TaxPersonal TaxHMRC collects £400m from offshore account holders

HMRC collects £400m from offshore account holders

Revenue collections to swell to £500m as individuals with large and complex foreign accounts given more time to settle unpaid tax

An estimated 45,000 UK offshore account holders have confessed to unpaid tax
bills to HM Revenue & Customs.

The individuals owned up under the partial amnesty arrangements offered by
the HMRC.

Government registered a total of £400m in tax payments as taxpayers rapidly
sought to take advantage of the 10% penalty cap offered by the taxman for
payments made by November 26.

The highest amount paid in by an individual was £3m while the average payment
was £9,000, a
report
said.

Revenue admitted however that the amount still fell short of the estimated
£1.75bn owed by customers of five high street bank, who were forced to own up to
holding offshore accounts by court orders.

But the total amount paid in could increase to £500m when payments by
individuals of particularly large and complex offshore holdings – who have been
given extra time to make their payments – finally settled their unpaid tax
bills.

HMRC is now considering whether it should offer a similar cap to customers of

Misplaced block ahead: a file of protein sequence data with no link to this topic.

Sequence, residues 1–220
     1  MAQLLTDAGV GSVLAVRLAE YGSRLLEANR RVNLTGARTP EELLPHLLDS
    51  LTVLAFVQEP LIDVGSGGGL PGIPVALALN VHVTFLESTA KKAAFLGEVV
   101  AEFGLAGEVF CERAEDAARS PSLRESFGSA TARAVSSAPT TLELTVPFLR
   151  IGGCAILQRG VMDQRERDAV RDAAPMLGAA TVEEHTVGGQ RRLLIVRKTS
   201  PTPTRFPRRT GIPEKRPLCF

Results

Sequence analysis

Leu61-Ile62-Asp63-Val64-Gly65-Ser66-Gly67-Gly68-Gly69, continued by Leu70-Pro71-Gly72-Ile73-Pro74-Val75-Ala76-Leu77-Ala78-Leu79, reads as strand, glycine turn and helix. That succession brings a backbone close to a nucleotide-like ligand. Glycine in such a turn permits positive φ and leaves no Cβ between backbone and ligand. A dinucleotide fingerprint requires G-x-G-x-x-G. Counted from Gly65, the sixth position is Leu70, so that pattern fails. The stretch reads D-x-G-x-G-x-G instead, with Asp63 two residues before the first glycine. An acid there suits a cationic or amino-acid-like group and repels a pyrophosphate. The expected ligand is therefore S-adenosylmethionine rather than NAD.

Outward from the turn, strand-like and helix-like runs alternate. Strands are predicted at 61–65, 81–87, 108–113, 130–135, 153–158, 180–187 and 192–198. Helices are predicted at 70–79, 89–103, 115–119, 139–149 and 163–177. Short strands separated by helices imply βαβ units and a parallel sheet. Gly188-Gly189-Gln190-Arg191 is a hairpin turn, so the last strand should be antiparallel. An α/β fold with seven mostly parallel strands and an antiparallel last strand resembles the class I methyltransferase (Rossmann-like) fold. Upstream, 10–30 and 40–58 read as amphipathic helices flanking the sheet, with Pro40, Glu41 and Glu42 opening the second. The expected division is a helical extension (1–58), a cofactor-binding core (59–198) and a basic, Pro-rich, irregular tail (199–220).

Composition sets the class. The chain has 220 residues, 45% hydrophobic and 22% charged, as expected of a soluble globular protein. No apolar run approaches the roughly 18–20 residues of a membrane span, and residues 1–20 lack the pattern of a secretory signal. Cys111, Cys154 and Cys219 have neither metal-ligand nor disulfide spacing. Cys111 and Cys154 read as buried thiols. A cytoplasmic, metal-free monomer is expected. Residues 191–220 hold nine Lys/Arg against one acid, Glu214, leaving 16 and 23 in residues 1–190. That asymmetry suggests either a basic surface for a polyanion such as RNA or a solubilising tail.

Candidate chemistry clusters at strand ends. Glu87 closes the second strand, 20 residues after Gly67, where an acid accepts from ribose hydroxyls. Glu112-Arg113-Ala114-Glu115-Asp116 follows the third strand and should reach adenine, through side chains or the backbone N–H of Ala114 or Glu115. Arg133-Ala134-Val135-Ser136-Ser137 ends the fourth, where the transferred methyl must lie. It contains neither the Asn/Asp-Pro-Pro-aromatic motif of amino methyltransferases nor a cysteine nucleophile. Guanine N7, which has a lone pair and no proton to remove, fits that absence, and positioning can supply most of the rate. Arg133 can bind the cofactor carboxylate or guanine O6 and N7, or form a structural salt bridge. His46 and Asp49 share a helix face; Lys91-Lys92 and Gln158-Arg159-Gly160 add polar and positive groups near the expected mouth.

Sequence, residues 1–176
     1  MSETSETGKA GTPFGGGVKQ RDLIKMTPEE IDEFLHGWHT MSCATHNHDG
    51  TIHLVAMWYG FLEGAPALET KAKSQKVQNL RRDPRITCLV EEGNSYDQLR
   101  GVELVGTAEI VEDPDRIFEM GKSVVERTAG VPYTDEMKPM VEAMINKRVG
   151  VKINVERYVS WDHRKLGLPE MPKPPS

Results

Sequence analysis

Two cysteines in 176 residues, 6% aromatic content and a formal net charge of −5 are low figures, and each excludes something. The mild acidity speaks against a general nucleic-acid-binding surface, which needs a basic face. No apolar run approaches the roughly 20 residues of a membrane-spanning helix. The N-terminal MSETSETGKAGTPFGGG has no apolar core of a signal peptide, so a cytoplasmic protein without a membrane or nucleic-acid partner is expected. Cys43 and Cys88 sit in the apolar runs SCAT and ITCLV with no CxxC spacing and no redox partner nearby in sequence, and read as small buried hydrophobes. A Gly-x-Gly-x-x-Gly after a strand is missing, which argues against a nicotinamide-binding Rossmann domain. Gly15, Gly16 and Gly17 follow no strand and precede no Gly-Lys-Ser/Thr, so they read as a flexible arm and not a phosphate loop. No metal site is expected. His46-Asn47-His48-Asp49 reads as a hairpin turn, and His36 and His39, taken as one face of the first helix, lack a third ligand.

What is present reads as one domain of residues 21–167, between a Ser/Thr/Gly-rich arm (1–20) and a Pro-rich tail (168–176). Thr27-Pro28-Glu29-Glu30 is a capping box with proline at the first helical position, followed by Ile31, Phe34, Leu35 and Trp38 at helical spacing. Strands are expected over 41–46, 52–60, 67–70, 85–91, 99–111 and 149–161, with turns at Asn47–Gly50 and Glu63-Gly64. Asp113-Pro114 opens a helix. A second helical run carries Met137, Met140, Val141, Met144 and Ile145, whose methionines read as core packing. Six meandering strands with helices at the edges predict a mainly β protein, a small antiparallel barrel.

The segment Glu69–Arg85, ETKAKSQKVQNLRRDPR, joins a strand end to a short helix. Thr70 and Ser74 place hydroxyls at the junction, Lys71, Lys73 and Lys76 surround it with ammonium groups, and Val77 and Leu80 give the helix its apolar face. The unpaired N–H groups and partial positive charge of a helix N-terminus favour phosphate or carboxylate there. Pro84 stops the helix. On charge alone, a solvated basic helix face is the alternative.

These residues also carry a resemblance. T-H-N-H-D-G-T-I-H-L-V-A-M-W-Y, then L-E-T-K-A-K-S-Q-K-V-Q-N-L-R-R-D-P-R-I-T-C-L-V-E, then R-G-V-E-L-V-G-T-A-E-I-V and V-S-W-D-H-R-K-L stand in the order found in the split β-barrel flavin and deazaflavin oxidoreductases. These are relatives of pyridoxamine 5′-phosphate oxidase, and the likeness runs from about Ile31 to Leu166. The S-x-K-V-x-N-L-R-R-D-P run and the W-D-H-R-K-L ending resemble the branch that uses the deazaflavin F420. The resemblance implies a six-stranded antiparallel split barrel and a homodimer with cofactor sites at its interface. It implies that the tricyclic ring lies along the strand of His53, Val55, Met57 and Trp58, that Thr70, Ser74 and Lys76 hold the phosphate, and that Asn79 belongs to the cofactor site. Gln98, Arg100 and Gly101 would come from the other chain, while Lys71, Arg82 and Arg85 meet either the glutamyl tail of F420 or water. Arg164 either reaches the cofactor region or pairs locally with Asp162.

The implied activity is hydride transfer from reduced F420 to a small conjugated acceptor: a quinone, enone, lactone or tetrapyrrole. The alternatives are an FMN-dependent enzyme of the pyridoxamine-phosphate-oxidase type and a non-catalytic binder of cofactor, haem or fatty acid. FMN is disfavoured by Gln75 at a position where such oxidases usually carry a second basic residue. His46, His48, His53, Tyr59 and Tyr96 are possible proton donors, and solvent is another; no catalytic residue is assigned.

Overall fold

170 other banks, after it obtains court orders compelling disclosure of offshore
account information.

Further reading:

Ringfencing amnesty would be a nightmare

HMRC backtracks on second tax amnesty

THE BIG QUESTION: SECOND OFFSHORE TAX
AMNESTY?

Related Articles

HMRC appeal rejected in Tottenham Hotspur case

Administration HMRC appeal rejected in Tottenham Hotspur case

2w Emma Smith, Managing Editor
HMRC urged to clarify impact of income allowances on Self-Assessments

Personal Tax HMRC urged to clarify impact of income allowances on Self-Assessments

2m Alia Shoaib, Reporter
New trading allowance: simplicity, but not as we know it

Administration New trading allowance: simplicity, but not as we know it

2m Emma Rawson, ATT Technical Officer
Wealthy individuals could circumvent top tax rate rises

Personal Tax Wealthy individuals could circumvent top tax rate rises

4m Alia Shoaib, Reporter
Italy grants first successful non-dom status application to former UK non-dom

Personal Tax Italy grants first successful non-dom status application to former UK non-dom

4m Emma Smith, Managing Editor
Industry reaction: Taylor Review does not go far enough in addressing tax issues

Legal Industry reaction: Taylor Review does not go far enough in addressing tax issues

5m Alia Shoaib, Reporter
Does the Taylor Review sufficiently address the gig economy?

Corporate Tax Does the Taylor Review sufficiently address the gig economy?

5m Alia Shoaib, Reporter
HMRC tax evasion assistance requests double in five years

Corporate Tax HMRC tax evasion assistance requests double in five years

5m Emma Smith, Managing Editor